Journalism is a tough profession for women in Pakistan in general and Khyber Pakhtunkhwa in particular. Women reporters besides journalism also have brave society and its stereotypes; however, many a women journalists are making their mark in the field despite these hurdles.
Razia Mehsud, a female journalist from Ladha area of South Waziristan is one such example. She said that the plight of women during military operations in the war on terror motivated her to join journalism. “Women were among the worst affected among those displaced due to operations,” she said. She said that women used to narrate stories of their horrifying ordeals to each other. Many a women had fallen prey to explosive devices while many others have walk on foot without eating anything.
Razia said that international media only used to report about incidents of terrorism and the stories of those affected by locals was nowhere. “Women living in tents were facing many issues and no one was talking about them,” she said.
She said that this forced her to start reporting, which was difficult task for her to do in the absence of a platform. “I applied for a job advertised by the Tribal News Network (TNN) which provided mobile journalism training before I started reporting,” Razia said.
Besides, she said that it was nearly impossible to work in field; however, she took it as a challenge. “Someone has to join the field and raise voice for women,” she said.
Razia said that it was nearly impossible for women to work as journalist in South Waziristan. “Majority of people think that women only belong inside a house and out of home they can only work in education and health,” Razia said.
She said that she braved public criticism for about two years and she was incessantly harassed online and made subject of smear campaigns, which forced her in-laws to ask her to quit journalism.
“It was really tough time for me,” he said.
However, she said that when locals saw her work it changed their mind and now the same people tell her that they were really proud of her work.
“I am in the field since 2016 and one cannot grow without braving difficulties,” she said.
Razia said that in the start she sometime lost heart when family told her that they cannot face the public criticism.
Besides, she said that initially she was not allowed to go into field and whenever she went people gathered there and looked at her contemptuously.
“I was very satisfied with my work and there are many issues on which people should speak; however, they fear coming on media,” she said.
Razia said that journalism in tribal areas is difficult job in the absence of transport and internet while security issues are in addition to this.
However, she said that people thinking is changing as compared to 2016 as many people are positive about allowing women to work in media.
“Waziristan women are coming forward and this is really a proud moment for me and it is giving me immense satisfaction,” she said.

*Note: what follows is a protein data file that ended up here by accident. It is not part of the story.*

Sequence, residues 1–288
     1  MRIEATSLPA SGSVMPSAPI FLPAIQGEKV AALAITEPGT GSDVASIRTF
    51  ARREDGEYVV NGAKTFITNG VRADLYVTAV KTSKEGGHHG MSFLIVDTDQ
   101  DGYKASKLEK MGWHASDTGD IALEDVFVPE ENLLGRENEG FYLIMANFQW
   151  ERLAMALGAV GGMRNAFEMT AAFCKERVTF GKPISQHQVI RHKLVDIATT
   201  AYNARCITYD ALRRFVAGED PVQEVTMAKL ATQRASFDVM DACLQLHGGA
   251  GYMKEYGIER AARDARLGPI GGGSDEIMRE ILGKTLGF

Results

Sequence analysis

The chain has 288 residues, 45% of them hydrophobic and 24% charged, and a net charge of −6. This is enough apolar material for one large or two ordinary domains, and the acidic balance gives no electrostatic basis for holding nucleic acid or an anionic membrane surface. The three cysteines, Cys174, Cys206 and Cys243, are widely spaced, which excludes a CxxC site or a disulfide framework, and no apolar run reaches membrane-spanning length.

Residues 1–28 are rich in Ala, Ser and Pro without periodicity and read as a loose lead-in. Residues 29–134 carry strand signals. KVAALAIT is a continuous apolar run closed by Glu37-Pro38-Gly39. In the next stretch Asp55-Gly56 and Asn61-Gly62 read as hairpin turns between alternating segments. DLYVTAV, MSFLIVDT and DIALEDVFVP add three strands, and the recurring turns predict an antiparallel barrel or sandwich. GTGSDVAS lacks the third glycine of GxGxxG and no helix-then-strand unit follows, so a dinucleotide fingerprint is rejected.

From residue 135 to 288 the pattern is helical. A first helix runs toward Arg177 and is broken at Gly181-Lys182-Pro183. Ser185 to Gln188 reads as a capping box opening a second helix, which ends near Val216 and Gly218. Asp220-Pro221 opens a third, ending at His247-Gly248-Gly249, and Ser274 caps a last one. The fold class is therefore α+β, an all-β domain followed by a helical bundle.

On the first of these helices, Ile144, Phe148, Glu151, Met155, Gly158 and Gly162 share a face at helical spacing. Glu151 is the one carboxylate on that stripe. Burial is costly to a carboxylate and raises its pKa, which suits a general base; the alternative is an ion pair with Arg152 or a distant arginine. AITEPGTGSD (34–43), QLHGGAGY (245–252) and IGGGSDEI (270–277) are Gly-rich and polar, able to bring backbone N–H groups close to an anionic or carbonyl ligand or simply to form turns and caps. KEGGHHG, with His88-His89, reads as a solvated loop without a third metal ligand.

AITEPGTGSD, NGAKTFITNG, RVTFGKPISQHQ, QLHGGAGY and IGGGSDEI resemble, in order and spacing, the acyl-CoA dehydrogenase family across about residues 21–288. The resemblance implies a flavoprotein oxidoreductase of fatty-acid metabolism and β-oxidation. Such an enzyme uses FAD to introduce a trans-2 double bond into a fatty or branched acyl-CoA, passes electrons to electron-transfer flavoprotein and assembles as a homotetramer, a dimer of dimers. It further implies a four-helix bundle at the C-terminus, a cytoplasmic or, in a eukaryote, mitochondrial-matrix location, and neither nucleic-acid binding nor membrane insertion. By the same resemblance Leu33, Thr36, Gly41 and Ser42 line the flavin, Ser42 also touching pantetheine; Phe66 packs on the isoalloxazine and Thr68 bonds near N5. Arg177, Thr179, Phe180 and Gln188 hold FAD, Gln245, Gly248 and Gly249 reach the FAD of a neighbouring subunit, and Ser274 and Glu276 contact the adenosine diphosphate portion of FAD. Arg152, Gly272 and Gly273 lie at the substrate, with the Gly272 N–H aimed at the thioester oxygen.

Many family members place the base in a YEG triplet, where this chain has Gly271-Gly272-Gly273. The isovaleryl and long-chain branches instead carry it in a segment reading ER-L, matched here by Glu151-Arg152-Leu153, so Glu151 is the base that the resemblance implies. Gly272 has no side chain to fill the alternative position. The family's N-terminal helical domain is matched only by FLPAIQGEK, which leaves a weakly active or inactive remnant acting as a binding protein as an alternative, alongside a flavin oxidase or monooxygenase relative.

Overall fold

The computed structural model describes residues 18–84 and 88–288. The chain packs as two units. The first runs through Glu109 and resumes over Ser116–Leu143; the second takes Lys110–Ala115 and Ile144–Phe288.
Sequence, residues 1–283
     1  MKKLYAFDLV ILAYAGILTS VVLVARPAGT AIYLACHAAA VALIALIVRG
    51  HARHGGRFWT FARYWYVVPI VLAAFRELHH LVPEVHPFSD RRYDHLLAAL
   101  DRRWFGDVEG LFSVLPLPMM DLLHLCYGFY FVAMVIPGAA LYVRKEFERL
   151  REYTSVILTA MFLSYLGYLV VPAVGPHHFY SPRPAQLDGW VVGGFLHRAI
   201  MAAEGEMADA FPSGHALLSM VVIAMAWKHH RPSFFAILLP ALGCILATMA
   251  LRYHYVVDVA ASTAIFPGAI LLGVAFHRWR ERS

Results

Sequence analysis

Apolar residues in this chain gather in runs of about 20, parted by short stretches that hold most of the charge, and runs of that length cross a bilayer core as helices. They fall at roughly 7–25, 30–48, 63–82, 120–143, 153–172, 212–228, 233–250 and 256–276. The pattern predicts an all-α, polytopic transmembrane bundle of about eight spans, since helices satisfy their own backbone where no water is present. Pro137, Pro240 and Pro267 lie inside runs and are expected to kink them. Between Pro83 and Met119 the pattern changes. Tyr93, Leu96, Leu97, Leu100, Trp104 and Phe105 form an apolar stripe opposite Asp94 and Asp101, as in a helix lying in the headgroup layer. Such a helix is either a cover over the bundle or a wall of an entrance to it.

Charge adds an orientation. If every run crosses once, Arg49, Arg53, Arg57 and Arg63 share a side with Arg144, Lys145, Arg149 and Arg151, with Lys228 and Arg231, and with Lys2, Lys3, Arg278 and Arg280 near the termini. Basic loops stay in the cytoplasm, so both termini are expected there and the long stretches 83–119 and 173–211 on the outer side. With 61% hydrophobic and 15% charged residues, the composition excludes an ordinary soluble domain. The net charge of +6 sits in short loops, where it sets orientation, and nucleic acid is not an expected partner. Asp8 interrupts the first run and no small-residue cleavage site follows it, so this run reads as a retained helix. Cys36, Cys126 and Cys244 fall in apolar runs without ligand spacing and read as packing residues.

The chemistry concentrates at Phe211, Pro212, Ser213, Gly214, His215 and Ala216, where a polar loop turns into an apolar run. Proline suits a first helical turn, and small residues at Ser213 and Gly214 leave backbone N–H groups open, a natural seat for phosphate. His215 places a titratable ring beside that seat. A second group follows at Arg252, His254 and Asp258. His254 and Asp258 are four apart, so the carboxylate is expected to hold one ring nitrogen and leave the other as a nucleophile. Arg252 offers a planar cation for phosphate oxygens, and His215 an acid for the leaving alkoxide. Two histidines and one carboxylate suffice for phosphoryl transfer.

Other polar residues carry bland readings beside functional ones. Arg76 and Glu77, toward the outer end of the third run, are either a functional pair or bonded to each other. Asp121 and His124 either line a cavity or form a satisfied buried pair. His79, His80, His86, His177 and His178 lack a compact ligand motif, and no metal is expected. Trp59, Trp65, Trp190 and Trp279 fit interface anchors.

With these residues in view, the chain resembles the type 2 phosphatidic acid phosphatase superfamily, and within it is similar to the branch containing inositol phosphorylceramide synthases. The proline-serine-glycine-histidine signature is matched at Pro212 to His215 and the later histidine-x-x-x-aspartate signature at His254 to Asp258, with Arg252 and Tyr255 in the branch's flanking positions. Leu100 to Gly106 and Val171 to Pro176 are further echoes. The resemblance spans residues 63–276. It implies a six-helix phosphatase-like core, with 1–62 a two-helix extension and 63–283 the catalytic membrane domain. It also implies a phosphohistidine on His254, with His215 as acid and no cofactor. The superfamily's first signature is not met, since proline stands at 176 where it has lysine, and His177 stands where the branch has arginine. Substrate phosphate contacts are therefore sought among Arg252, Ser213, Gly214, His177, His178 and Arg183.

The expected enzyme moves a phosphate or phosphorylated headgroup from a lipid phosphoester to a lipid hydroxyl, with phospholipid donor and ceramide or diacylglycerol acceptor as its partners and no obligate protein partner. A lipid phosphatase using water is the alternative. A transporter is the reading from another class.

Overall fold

She said that merged areas women can make their mark in every field.
Jamaima Afridi, a freelance journalist from Khyber said that she was contributing to several outlets including TNN, Voice.Pk, The Friday Times and other organizations.
She said that a women journalist faced problems both in real life as well online. “For women in merged areas it was next to impossible to appear on TV screen; however, I consider myself fortunate,” she said.
Jamiama said that initially she faced problems both from public as well professional. “The public views and criticism of women causes immense strain on women; however, gradually one makes her peace with all this,” she said.
Jamiama said that she won an award for her work on religious freedoms and also won accolades for constructive journalism. Besides, she was also among the six finalists for UK based Young Journalists Awards.
Pakistan Federal Union of Journalists acting president Shamim Shahid said that lack of interest of media organization was responsible for less representation of women in journalism in KP.
Shamim said that there were few media organizations in KP and majority were focused on Islamabad and Punjab.
Besides, he said that many a female graduates of journalism start teaching after education or join some other profession due to difficulties of professional journalism. “it is difficult for women to venture into remote areas,” he said. However, he added that the entry of tribal women into journalism was a positive step.
“Tribal areas are facing militancy and extremism for past 50 years and when males have been forced to leave the area, then how women were supposed to work as reporters,” he questioned.
To increase the number of women journalists, Shamim said that the media organizations have to pay attention to KP. “If private organizations cannot open offices here, then, at least they can do programmes on the region issues,” he said.
He said that they were working to ensure protection of journalists; however, added that government role was imperative in this regard.
KP Information department spokesperson Ansar Khilji said that his department has always been at the forefront of efforts to facilitate the journalists.
Besides, he said that they have also launched welfare schemes for media workers and gave health fees amounting to Rs 100,000, shuhada package worth Rs 1 million, media colonies, marriages grants and media tours.
Ansar said that these facilities were being provided without discrimination of gender.
Regarding the social barriers, he said that press clubs and unions were better platforms to deal such issues. “As far as information department is concerned there is discrimination is made on the basis of gender,” he said.
He said that women journalist were also equally eligible for benefits being availed by their male counterparts.